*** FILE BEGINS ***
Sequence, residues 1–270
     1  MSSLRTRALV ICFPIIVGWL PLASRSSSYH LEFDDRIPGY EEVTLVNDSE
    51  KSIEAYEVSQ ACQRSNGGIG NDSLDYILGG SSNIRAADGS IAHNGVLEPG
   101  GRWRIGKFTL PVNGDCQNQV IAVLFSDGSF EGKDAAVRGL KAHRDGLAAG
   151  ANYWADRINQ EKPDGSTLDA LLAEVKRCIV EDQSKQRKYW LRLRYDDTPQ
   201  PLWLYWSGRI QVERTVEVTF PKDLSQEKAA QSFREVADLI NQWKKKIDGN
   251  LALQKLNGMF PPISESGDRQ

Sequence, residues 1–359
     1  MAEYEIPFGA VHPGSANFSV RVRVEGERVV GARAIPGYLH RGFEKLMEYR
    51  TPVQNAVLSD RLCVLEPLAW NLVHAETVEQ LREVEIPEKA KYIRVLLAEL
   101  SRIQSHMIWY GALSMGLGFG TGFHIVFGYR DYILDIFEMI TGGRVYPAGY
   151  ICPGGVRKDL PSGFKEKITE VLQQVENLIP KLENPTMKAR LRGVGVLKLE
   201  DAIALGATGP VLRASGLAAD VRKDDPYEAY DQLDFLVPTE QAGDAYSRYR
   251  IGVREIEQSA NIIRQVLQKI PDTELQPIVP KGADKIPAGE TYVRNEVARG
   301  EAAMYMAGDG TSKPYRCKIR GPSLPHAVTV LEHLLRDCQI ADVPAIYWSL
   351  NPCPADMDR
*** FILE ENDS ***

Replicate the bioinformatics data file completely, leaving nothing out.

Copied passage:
Sequence, residues 1–270
     1  MSSLRTRALV ICFPIIVGWL PLASRSSSYH LEFDDRIPGY EEVTLVNDSE
    51  KSIEAYEVSQ ACQRSNGGIG NDSLDYILGG SSNIRAADGS IAHNGVLEPG
   101  GRWRIGKFTL PVNGDCQNQV IAVLFSDGSF EGKDAAVRGL KAHRDGLAAG
   151  ANYWADRINQ EKPDGSTLDA LLAEVKRCIV EDQSKQRKYW LRLRYDDTPQ
   201  PLWLYWSGRI QVERTVEVTF PKDLSQEKAA QSFREVADLI NQWKKKIDGN
   251  LALQKLNGMF PPISESGDRQ

Sequence, residues 1–359
     1  MAEYEIPFGA VHPGSANFSV RVRVEGERVV GARAIPGYLH RGFEKLMEYR
    51  TPVQNAVLSD RLCVLEPLAW NLVHAETVEQ LREVEIPEKA KYIRVLLAEL
   101  SRIQSHMIWY GALSMGLGFG TGFHIVFGYR DYILDIFEMI TGGRVYPAGY
   151  ICPGGVRKDL PSGFKEKITE VLQQVENLIP KLENPTMKAR LRGVGVLKLE
   201  DAIALGATGP VLRASGLAAD VRKDDPYEAY DQLDFLVPTE QAGDAYSRYR
   251  IGVREIEQSA NIIRQVLQKI PDTELQPIVP KGADKIPAGE TYVRNEVARG
   301  EAAMYMAGDG TSKPYRCKIR GPSLPHAVTV LEHLLRDCQI ADVPAIYWSL
   351  NPCPADMDR